Max Boncina started out shooting with film and that experience, having a limited number of exposures available, shooting at one fixed ISO, using manual camera and lens controls…all of these have helped make Boncina a thoughtful photographer and not one given to firing off multiple frames in a “spray-and-pray” fashion. When he went to Acadia in Maine with the Alpha Imaging Collective, Boncina kept his kit light with an eye to the coastal landscape opportunities and fall colors the region is famous for.
Sony α7R II: First and foremost, I have the Sony α7R II, that's my primary body. I have an α7 as well, but I really just love the α7R II. It's an incredible camera that does so much more than my α7. The combination of image quality, the frames per second, all the extra features and capabilities. It's an incredible camera and I'm so happy with it.
RX100 V. The RX100 is small and extremely capable. I always like to have it with me and I usually use it for street photography or any opportunity which demands more discretion. In Maine, I wanted to have it for the unexpected.
Sony 55mm f/1.8: I brought my 55 mm f/1.8, which is the first lens I bought when I got a Sony mirrorless camera and I've had it for about four years now. It's incredibly crisp, and just any kind of portrait that I might shoot in Maine, I know that's the one to have.
16-35mm f/2.8 G Master & 12-24mm f/4 G: For the Acadia trip I had the opportunity to borrow these Sony lenses. I had requested the 16-35mm f/2.8 G Master and the 12-24mm f/4 G in particular because I figured the scenery would be perfect for wide angles in Maine. The rocky cliffs, the woods, an old New England bridge. For anything like that, I knew a wide angle would be amazing. Having a pair of lenses that covered the 12-35mm range with the kind of performance these lenses have proved to be a great choice.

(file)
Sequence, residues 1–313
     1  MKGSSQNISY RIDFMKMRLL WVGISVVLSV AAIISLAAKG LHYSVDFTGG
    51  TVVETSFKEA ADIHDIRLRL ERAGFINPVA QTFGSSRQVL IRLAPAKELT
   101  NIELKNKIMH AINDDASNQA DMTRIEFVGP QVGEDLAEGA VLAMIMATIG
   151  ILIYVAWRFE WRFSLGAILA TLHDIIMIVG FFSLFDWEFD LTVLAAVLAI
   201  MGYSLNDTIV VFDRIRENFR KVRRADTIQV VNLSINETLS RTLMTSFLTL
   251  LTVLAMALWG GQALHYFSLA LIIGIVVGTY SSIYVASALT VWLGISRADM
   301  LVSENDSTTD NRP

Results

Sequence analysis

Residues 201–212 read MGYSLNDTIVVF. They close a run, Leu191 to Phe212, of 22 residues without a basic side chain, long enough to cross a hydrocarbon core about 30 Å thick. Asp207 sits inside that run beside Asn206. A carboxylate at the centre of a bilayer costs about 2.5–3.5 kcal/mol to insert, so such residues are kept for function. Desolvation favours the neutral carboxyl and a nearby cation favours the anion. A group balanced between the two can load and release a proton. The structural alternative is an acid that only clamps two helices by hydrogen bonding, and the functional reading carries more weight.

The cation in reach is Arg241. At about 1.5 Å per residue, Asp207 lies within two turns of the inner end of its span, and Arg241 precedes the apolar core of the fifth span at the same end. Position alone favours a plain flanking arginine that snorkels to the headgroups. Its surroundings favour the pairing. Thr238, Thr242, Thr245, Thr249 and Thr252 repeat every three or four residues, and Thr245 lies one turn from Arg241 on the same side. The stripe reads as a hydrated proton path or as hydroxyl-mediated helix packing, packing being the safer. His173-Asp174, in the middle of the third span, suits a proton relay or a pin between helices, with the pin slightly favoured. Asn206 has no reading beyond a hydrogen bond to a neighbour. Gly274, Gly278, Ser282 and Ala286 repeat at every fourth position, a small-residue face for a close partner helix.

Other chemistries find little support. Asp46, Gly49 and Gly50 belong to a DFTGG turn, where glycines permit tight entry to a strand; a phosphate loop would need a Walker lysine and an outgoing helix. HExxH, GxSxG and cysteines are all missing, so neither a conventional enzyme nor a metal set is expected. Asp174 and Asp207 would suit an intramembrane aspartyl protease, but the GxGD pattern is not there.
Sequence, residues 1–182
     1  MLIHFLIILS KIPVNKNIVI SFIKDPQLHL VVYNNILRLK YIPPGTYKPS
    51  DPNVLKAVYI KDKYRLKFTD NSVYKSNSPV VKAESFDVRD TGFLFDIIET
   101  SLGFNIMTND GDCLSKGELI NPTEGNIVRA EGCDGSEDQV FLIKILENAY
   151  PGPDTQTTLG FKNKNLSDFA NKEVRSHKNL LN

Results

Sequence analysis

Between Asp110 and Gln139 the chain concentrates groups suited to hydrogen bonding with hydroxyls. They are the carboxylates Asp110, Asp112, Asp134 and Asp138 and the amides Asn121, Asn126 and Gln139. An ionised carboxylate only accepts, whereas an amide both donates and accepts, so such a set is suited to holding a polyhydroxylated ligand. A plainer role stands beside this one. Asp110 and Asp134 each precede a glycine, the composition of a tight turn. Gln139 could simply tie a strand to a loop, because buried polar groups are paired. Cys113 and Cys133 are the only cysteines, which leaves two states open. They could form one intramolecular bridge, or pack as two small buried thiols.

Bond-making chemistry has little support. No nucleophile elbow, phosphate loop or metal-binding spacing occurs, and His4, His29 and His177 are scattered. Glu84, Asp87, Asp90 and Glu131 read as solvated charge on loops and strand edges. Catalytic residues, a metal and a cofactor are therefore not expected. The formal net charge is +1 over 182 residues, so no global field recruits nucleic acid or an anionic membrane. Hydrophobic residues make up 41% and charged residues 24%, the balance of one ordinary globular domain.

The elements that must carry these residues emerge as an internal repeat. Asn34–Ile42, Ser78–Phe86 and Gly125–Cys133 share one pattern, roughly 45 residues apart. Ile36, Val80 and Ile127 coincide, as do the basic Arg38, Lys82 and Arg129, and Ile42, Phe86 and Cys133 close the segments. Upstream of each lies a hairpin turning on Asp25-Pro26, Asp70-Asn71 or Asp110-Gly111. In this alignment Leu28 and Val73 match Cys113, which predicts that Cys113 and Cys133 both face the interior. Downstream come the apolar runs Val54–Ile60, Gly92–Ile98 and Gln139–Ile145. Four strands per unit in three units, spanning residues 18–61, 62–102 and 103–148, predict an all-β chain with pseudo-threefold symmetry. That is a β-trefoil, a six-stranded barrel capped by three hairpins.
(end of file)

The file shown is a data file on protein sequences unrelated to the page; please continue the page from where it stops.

Wide-angle Voigtlander. One of the reasons I originally bought into the Sony α7 series was because the cameras make it possible to use all sorts of other lenses. That was very important to me. When I bought this lens (2015) there were no G Master lenses and this was a great option for me. I also like that It’s completely manual, not only the focus but even the aperture. I find shooting with a fully-manual lens can be enjoyable and rewarding. I can never be lazy with the settings, or I’ll miss the shot.
MindShift camera backpack: I love my MindShift. The capacity is massive with nice large compartments. Also, when packed, the lenses are facing my back, I feel they’re more protected having them in that orientation. It has a laptop compartment that’s well designed. The whole bag down to the zippers is just awesome. It’s better than anything I've had before.
Leaf Big Stopper 10-stop ND filter: I’ve been getting into long-exposure photography which is why I got the Big Stopper. This extreme neutral density lets me slow my shutter speed dramatically.
Batteries & chargers: I have three batteries and two chargers when I travel to keep me covered with power.
Flashlight: I carry an 800 lumens flashlight in case I can do some nighttime light-painting. It’s also good to have in case I’m shooting as the sun goes down.
Vanguard tripod: I have a Vanguard tripod which is compact, light and sturdy. It’s absolutely essential for the long exposure shooting I’ve been getting into.
Macbook Laptop with Lightroom: My Macbook is nice and light and I like to edit in Lightroom as I go, so I pack it when I can.